EU ministers are gathering in Luxembourg this week to discuss a €300 billion growth package. €300 billion is a dazzling amount but throwing money at a problem is not enough to solve it, experiences from previous EU stimuli packages show us. The ambition this time around should be to do spend the money more effectively, writes Xavier Sol.
Xavier Sol is director of Counter Balance, a European coalition of development and environmental NGOs working on development finance.
The growth package “to boost jobs, growth and investments” is at the core of Jean-Claude Juncker’s priorities as the new president of the European Commission. Voices in EU capitals such as Paris, Rome and Warsaw have been expressing enthusiasm for this idea.
However, this is not the first attempt by the European Union to get the economy going again by injecting big cash via the European Investment Bank (EIB). The EIB has been asked twice to boost its lending in 2008 and 2012. Consequently, its capital has been increased, and in tandem with the European Commission it has developed financial instruments to mobilise money from the EU budget and private capital to be used towards SMEs, energy, infrastructure and the automotive sector.
The debate on the upcoming package so far has not moved beyond numbers and cutting red tape. Clear conditions and priorities for qualitative investments are still lacking. What is clear though is that the EIB will get a central role in managing future investments. It is crucial then to learn from previous attempts in order to avoid repeating past mistakes.
Juncker’s focus on infrastructure investments is actually an old recipe to stir growth by creating jobs and improving competitiveness. Unfortunately, what kind of infrastructure we need is a question which remains unanswered too often.
A look at Europe’s top priority projects informs us that fossil fuel infrastructure is still dominant (27 gas vs. 6 electricity projects). But as gas demand is falling and energy efficiency targets are tightened, the EU largely overestimates the needed investments in gas infrastructure, a recent study shows. If the projects are carried out as planned billions of euros may be wasted on stranded assets in the form of useless gas infrastructure.
While the EIB has increased its investments in renewables it has also still has over $11 billion of active investments in fossil fuel projects. These investments are not only swallowing billions that could go to renewables, smart grids or energy efficiency. They also impact the environment and undermine coherence with the EU 2050 roadmap to decarbonisation.
These infrastructure projects are increasingly financed through so called innovative financial instruments. Those instruments are designed to turn risky investments into safe havens for risk-averse private capital. This is a way to leverage more money. But if things go wrong, public money has to cover the loss.
The EU Project Bond Initiative (PBI) is such an instrument. It was first used to raise €1.4 billion to re-finance a gas (again!) storage facility in Spain. The first gas injection into the facility caused hundreds of earthquakes in the region and the project had to be cancelled. Instead of the project promoter or the bondholders, it will be Spanish citizens who will have to repay the debt.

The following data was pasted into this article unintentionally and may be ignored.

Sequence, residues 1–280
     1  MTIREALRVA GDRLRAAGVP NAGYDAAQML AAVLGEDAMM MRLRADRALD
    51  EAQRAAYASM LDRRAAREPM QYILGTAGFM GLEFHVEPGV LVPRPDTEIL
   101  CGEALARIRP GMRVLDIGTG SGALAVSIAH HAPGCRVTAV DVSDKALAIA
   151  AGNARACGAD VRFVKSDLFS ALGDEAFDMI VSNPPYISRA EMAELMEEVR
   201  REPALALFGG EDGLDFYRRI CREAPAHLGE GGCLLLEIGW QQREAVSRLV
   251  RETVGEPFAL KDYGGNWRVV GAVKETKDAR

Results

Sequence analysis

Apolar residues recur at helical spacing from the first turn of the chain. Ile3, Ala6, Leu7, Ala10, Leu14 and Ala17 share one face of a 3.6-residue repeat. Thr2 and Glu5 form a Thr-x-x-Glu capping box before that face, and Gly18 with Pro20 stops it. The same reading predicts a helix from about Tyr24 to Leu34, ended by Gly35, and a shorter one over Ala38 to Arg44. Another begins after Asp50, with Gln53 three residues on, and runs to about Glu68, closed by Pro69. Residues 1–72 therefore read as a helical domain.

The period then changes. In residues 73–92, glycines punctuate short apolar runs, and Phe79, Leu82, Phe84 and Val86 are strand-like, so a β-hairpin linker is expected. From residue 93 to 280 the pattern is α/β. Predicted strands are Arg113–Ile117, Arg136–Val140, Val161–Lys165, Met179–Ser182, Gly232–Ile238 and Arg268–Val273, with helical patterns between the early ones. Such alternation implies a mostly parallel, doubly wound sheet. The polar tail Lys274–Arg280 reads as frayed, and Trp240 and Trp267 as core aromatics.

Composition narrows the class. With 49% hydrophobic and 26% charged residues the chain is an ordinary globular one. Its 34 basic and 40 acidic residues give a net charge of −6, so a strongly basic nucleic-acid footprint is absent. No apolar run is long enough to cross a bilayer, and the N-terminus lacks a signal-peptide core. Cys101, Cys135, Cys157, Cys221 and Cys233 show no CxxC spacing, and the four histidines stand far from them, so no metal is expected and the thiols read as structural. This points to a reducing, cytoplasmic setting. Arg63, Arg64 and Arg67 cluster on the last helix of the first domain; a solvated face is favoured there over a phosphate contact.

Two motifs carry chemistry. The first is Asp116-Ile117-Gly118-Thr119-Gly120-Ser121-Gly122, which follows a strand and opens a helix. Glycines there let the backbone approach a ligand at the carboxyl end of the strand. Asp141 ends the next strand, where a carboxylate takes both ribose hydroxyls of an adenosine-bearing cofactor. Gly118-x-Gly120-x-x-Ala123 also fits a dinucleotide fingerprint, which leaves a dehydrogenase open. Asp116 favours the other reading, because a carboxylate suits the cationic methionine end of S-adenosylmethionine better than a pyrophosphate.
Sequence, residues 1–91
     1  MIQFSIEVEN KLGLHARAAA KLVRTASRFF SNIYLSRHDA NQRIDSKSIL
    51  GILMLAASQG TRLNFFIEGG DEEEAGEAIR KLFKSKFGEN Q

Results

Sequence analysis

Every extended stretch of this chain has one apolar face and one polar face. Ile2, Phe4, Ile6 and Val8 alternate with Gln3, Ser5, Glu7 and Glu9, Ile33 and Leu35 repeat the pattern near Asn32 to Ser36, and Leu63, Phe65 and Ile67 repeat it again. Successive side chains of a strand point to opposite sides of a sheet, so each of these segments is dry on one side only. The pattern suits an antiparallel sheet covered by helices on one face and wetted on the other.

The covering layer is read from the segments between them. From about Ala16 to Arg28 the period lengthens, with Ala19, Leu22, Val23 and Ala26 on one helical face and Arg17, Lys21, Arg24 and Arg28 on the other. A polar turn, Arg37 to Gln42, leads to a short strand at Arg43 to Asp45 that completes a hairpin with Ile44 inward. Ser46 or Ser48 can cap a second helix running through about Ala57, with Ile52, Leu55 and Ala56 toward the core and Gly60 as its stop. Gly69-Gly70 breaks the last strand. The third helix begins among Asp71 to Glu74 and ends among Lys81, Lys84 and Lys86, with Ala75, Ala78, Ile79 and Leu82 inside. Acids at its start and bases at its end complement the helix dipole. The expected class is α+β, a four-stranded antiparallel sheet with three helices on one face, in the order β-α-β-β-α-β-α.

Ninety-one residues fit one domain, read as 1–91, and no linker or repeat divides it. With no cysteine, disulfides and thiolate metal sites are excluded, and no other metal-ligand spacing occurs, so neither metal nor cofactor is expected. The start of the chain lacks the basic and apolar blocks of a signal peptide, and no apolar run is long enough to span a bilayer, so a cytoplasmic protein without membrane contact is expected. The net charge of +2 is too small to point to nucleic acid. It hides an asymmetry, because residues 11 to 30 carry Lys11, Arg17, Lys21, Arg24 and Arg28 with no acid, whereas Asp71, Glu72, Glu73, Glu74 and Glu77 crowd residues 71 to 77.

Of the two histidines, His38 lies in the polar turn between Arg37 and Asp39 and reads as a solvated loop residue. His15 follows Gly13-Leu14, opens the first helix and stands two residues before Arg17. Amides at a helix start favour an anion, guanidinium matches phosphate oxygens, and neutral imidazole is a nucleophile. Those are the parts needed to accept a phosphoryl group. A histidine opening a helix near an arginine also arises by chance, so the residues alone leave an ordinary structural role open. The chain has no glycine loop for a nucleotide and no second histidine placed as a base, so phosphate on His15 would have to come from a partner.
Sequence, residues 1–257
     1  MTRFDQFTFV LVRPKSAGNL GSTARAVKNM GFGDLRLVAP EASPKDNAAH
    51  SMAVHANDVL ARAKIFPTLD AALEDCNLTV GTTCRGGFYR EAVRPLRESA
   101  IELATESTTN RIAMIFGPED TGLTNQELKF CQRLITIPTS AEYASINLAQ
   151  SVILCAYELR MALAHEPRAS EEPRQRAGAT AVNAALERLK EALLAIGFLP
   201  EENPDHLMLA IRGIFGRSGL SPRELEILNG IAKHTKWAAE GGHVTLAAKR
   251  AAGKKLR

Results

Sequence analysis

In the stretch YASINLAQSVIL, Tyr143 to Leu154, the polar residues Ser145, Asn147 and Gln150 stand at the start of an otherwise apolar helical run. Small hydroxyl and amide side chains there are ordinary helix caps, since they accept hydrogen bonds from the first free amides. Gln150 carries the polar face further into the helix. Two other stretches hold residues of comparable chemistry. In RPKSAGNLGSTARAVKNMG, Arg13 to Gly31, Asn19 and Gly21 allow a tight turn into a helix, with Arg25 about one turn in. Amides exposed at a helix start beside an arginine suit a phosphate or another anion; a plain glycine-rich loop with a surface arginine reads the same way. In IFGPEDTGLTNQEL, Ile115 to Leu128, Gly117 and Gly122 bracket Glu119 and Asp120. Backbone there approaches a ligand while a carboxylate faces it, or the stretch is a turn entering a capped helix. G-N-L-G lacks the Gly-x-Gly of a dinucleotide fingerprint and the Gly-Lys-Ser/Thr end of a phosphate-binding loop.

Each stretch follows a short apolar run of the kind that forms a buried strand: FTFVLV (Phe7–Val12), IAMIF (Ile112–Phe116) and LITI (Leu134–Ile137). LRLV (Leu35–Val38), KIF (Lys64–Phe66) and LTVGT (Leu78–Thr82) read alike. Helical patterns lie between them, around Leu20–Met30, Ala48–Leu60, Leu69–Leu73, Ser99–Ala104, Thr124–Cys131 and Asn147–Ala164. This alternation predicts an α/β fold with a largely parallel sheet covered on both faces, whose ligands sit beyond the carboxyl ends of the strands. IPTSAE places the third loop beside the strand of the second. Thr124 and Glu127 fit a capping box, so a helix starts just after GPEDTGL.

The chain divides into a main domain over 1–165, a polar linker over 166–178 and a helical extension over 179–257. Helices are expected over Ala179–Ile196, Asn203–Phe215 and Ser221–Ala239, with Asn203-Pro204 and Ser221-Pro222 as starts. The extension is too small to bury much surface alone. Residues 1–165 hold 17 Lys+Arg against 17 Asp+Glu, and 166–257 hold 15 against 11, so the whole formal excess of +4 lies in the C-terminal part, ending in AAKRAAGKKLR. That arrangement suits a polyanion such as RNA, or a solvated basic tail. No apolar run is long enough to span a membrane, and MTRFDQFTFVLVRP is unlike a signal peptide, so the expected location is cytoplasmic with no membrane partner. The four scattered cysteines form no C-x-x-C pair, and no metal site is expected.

The PBI was created to spur growth and make priority infrastructure investments happen. The outcome is quite the opposite. The project will not see the light of day and the PBI has saddled Spain with an additional €1.4 billion in debt. Moreover, the pilot projects focused largely on motorways and gas infrastructure, not exactly the kind of projects which will catalyse the transition to a low carbon society which we need so badly.
Socialising risks and privatizing profits has been at the core of the crisis. Financial mechanisms that don’t intend to strike a fair balance between these poles are likely to make things worse. New mechanisms – which Juncker already confirmed will be developed – should also be targeted at sustainable projects to guarantee genuine investment in our future.
Transparency and accountability are preconditions for good governance and thus indispensable guarantees that those €300 billion are spent as good as possible. Worryingly, however, the EIB was ranked second to last as a multilateral organisation when it comes to transparency in last week’s Aid Transparency Index. The other European bank, the European Bank for Reconstruction and Development (EBRD), fared worse.
The new Commissioner Frans Timmermans, who is expected to be the first vice-president of the new Commission, has already committed to make transparency a priority during his hearing in the European Parliament. Central to his agenda should be the EIB’s transparency policy, which is currently being reviewed at the institution. Despite its under-performance on that matter, and numerous calls by the European Parliament to improve it, the EIB is surprisingly proposing to further downgrade its transparency policy by including more exemptions to its information disclosure practices.
What seems safe at first sight can drag you down quickly, the crisis taught us. Project Bonds, which is now being presented as a new medicine, could end up having the same effect. We don’t just need more projects, we need good projects that are future proof. And finally our money should be managed in a transparent manner under stringent democratic oversight, only then the public interest can be ensured.
The EIB has been portrayed as a miracle bank because it allows considerable investments without putting national budgets further under the pressure. But the bank’s results and accountability are far from miraculous. If EU ministers are serious about moving beyond the crisis they would better start thinking about how the 300 billion could be spent well. Currently the EIB is simply not up for the task.